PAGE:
Josh Hayes' Erion Racing Formula Xtreme Honda CBR600RR
With numerous Formula Xtreme championships to its credit dating back to the mid-'90s when the class featured big-bore machinery, the Orange, California-based Erion Racing team knows a thing or two about building fast Hondas. In the hands of Aaron Gobert and '07 champion Josh Hayes, Erion CBR600RRs won all but a single Formula Xtreme race last year-an impressive record. Like the Attack Kawasaki, Erion combines HRC factory bits with the company's own products and select aftermarket parts for a potent end result.
The front Brembo brakes are...
The front Brembo brakes are a generation behind the Attack Kawasaki's similar setup and feel comparatively wooden. The huge radiator is made in Italy by Febur.
The engine modifications include Pankl connecting rods, Erion/CP pistons, an Erion-ported head with HRC cams and valve springs, an HRC close-ratio transmission and an STM slipper clutch. The exhaust pipe is an HGA (Honda's R&D department in Japan) stainless steel unit, and a huge Febur radiator keeps things cool. A MoTeC ECU oversees operations, connected via a custom-built wiring harness. Similar to the system used on the Attack Kawasaki, the setup offers control of practically every parameter related to fuel and ignition, including traction control. "We utilize all those things to try and tailor it to any particular track or rider preference," says Rick Hobbs, technical director for the team, but all that adjustability comes with a price: "There aren't many things I can think of that it doesn't allow you to do. It gives you so many things that it can be detrimental sometimes because you spend a lot of time focusing on things that maybe don't make that much difference to the big picture."
The CBR's frame is stock, as is the swing-arm aside from the axle slots, which are enlarged to accept captive spacers. An Ohlins shock works the stock linkage out back, and up front an Ohlins fork is held by custom-made triple clamps. Interestingly, things like the triple clamps and rearsets are not adjustable; rather the parts are individually custom-made as needed.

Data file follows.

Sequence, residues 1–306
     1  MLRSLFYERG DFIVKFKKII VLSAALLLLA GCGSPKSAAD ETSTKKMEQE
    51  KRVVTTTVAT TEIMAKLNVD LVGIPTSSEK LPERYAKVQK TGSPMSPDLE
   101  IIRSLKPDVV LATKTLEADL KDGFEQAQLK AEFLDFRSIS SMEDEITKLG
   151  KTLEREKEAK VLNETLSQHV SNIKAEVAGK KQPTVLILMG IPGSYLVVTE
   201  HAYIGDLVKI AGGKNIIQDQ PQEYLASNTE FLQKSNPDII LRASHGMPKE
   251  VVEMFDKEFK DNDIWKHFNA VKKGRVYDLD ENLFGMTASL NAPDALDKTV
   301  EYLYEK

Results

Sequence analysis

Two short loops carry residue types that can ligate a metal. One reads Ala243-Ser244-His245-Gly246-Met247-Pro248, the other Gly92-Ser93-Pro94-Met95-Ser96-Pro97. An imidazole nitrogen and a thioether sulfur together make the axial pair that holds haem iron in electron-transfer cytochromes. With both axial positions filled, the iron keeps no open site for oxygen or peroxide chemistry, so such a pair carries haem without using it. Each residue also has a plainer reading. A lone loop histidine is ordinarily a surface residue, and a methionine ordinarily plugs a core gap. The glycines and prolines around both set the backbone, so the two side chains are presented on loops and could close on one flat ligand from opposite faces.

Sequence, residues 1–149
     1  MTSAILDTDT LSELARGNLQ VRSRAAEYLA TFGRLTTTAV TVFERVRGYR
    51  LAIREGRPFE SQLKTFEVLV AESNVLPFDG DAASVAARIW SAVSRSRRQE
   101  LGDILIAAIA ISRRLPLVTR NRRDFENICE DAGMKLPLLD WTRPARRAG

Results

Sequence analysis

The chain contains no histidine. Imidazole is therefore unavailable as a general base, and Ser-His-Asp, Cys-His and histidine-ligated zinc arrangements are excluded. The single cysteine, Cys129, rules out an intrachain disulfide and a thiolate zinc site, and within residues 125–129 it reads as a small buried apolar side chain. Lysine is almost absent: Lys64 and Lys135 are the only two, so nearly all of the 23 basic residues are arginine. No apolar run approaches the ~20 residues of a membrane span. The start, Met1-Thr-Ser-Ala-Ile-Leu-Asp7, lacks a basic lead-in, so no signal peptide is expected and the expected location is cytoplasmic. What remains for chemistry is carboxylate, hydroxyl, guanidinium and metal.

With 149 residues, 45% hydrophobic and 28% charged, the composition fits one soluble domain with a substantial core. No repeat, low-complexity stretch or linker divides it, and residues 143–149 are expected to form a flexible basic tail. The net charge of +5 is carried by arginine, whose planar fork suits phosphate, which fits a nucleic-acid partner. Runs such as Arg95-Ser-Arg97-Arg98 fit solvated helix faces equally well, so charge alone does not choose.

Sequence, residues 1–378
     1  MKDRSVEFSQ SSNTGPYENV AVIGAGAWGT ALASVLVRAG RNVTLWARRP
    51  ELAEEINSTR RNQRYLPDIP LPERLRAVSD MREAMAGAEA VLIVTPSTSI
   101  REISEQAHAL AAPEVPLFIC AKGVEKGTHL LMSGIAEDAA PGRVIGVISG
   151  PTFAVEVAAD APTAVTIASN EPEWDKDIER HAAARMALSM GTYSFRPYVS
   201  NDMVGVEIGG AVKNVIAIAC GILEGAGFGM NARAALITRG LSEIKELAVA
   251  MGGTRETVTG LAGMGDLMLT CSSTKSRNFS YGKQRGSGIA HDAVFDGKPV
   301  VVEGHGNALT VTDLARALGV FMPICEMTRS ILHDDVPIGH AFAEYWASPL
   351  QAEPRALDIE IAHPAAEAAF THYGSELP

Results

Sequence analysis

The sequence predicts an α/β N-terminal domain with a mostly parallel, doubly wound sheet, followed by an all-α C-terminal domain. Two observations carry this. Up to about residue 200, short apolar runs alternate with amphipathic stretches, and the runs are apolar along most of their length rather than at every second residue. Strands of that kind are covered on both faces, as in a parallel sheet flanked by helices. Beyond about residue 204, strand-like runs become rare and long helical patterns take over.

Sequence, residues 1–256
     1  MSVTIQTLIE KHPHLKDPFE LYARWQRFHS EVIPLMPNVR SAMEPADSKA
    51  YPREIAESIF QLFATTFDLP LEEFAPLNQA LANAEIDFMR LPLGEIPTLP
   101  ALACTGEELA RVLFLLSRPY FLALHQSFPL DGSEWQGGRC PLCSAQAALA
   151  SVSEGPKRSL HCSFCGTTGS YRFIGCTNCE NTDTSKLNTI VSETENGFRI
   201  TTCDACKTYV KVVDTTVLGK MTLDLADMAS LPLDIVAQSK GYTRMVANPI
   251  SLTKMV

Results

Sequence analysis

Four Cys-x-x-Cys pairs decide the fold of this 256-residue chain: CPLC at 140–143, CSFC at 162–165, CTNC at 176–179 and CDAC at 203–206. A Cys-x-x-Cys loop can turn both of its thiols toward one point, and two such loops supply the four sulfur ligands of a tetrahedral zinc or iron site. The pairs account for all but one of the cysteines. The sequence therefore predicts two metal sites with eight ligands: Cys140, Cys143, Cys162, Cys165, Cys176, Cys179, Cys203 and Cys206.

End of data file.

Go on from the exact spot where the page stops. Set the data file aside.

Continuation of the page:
The Erion team wouldn't let...
The Erion team wouldn't let us take the seat off the CBR600RR for pictures, but there are plenty of trick bits to see with the fairing removed.
Wheels are 16.5-inch forged magnesium Marchesinis with Dunlop slicks fitted. "We've been running mainly 16.5-inch wheels," Matt Zurbuchen says, Hayes' mechanic for the Formula Xtreme bike. "Most of [Dunlop's] development is going into 16.5-inch wheels for modified classes. They have a pretty good idea when we show up to the track what's going to work for a front tire. There's always a choice between two or three tires for the rear that may work, and we'll have to figure out what's going to work."
The CBR600RR was a new model for 2007, and while the Erion bikes were competitive right out of the box last year (aside from fuel problems that affected all the Hondas at Daytona) there was significant development time involved. "The bike in stock form is substantially better than the old bike," Hobbs reports, "but we had three years of development on the MEE [the part-number designation of the previous model] engine. So we had the new engine with a different cylinder head, cams, exhaust valves, springs, valve sizes and rod length, and it took us a little bit of time to get back to the level we were at with the older engine. Now we've exceeded where we were, but it took basically a season of development to figure out what we needed to do."